Reading: The Hug by Thom Gunn

Thom Gunn (1929-2004) was an English poet. I’ve read another verse (tamer and hawk) by his hand before. Today I read a simple poem that says something I find lovely.

The Hug
It was your birthday, we had drunk and dined
Half of the night with our old friend
Who’d showed us in the end
To a bed I reached in one drunk stride.
Already I lay snug,
And drowsy with the wine dozed on one side.

I dozed, I slept. My sleep broke on a hug,
Suddenly, from behind,
In which the full lengths of our bodies pressed:
Your instep to my heel,
My shoulder-blades against your chest.
It was not sex, but I could feel
The whole strength of your body set,
Or braced, to mine,
And locking me to you
As if we were still twenty-two
When our grand passion had not yet
Become familial.
My quick sleep had deleted all
Of intervening time and place.
I only knew
The stay of your secure firm dry embrace.

I love such birthdays and adjacent nights, and the idea that you can visit an old friend on your birthday. The full-body snug hug is decribed wonderfully with the instep fitting the heel, the shoulder-blades against her chest (not breasts). Two interlocking bodies, set or braced against each other in a fresh way. The ‘intervening’ experiences in between have been deleted.

The embrace is ‘secure and firm and dry’ – and is here to stay. Deleting the intervening time and place made the moment appear timeless. The drowsiness made knowing anything beyond the embrace nearly impossible. Here we can find consolation, perhaps more than in any other gesture we are capable of.

Reading: The Hug by Thom Gunn was originally published on Meandering home

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Reading: Tamer and Hawk by Thom Gunn

Thom Gunn (1929-2004), another much-honored poet, who started out using iambic pentameter, borne out of an ambition to be the John Donne of the twentieth century, writing about topics such as LSD, Hell’s angels or queer culture. Later, he wrote no less heart-felt poetry in freer forms. For him, “Writing poetry has in fact become a certain stage in my coping with the world” and “His identity is his resistance to the limitations of identity.” Here is an observation about a hawk who choses to be tamed:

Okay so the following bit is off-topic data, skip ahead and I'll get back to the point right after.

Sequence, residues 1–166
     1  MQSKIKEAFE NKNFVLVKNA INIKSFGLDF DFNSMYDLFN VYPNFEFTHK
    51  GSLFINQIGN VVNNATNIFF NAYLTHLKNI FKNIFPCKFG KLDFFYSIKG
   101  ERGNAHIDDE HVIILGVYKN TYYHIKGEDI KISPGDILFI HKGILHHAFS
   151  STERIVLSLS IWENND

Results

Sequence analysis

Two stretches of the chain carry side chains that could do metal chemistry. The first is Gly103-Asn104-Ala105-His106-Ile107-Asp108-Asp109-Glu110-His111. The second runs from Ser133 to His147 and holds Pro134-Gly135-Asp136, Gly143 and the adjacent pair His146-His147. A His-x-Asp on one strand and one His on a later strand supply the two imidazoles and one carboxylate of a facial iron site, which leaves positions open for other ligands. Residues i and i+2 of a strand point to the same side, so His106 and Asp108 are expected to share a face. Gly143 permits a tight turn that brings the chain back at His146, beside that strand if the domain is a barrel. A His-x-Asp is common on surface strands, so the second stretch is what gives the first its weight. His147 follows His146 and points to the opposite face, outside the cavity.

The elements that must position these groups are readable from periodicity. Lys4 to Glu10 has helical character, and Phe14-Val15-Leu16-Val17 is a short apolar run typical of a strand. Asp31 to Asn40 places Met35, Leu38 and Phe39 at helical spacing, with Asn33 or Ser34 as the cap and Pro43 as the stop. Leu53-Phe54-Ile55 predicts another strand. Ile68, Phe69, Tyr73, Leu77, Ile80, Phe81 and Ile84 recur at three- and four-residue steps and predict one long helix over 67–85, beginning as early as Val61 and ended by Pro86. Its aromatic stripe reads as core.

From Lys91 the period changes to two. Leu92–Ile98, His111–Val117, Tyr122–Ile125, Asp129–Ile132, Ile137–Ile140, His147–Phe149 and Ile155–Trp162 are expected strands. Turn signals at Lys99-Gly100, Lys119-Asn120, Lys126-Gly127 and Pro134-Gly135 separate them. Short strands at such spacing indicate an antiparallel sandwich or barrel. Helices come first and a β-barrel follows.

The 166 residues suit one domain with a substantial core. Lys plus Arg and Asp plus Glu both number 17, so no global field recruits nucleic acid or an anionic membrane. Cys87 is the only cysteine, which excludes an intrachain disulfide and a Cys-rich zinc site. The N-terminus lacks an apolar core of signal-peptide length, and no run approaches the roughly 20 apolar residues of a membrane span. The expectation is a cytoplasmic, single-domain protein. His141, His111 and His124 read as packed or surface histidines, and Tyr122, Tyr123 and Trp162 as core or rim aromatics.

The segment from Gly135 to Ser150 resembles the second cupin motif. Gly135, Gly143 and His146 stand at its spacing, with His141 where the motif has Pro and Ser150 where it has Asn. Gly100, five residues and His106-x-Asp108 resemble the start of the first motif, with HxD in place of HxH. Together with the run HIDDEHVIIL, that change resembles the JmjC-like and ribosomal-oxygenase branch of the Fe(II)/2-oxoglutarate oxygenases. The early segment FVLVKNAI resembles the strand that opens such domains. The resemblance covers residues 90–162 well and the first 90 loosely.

Tamer and hawk

I thought I was so tough,
But gentled at your hands,
Cannot be quick enough
To fly for you and show
That when I go I go
At your commands.

Even in flight above
I am no longer free:
You seeled me with your love,
I am blind to other birds—
The habit of your words
Has hooded me.

As formerly, I wheel
I hover and I twist,
But only want the feel,
In my possessive thought,
Of catcher and of caught
Upon your wrist.

You but half civilize,
Taming me in this way.
Through having only eyes
For you I fear to lose,
I lose to keep, and choose
Tamer as prey.

It is clear what is going on, and the punch line shouldn’t be too hard to understand: The hawk experiences himself as caught upon the wrist of the tamer, and integrates that into his life story as a hunter by projecting his agency onto it: he chooses tamer as prey. Perhaps we should say that the hawk is fully, not half, civilized, that this is what being civilized is all about: choosing your tamer as prey.

The language in the first is carefully romantic and would be considered kitsch by some critics I reckon. Redoubling of I go I go, to be gentled as a verb, the alternating rhyme and the musical trimeter rhythm – nice that someone still writes like that in the twentieth century.

The word ‘seeled’, not sealed, and the metaphor of the habit (cloaK) that has hooded him produces the image of a monk, who is devoted to a greater love than what the mundane realm can offer him.

The third stanza sees the hawk behaving as formerly, but re-interpreting his ‘possessive thought’ (meaning: to be possessed by his own thought as well as wanting to possess things) to understand his relation to the tamer.

Reading: Tamer and Hawk by Thom Gunn was originally published on Meandering home